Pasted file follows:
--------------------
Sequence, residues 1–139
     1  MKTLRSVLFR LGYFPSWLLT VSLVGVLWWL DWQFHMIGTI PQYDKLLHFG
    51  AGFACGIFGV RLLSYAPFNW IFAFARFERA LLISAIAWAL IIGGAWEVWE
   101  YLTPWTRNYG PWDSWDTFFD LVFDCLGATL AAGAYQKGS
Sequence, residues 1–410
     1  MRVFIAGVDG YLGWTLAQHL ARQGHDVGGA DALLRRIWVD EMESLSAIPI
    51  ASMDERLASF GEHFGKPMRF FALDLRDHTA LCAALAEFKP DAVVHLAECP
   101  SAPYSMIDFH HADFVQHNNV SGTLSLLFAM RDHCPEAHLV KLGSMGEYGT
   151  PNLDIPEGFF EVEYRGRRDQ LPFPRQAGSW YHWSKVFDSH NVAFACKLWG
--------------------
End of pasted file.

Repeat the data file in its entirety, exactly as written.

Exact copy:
Sequence, residues 1–139
     1  MKTLRSVLFR LGYFPSWLLT VSLVGVLWWL DWQFHMIGTI PQYDKLLHFG
    51  AGFACGIFGV RLLSYAPFNW IFAFARFERA LLISAIAWAL IIGGAWEVWE
   101  YLTPWTRNYG PWDSWDTFFD LVFDCLGATL AAGAYQKGS
Sequence, residues 1–410
     1  MRVFIAGVDG YLGWTLAQHL ARQGHDVGGA DALLRRIWVD EMESLSAIPI
    51  ASMDERLASF GEHFGKPMRF FALDLRDHTA LCAALAEFKP DAVVHLAECP
   101  SAPYSMIDFH HADFVQHNNV SGTLSLLFAM RDHCPEAHLV KLGSMGEYGT
   151  PNLDIPEGFF EVEYRGRRDQ LPFPRQAGSW YHWSKVFDSH NVAFACKLWG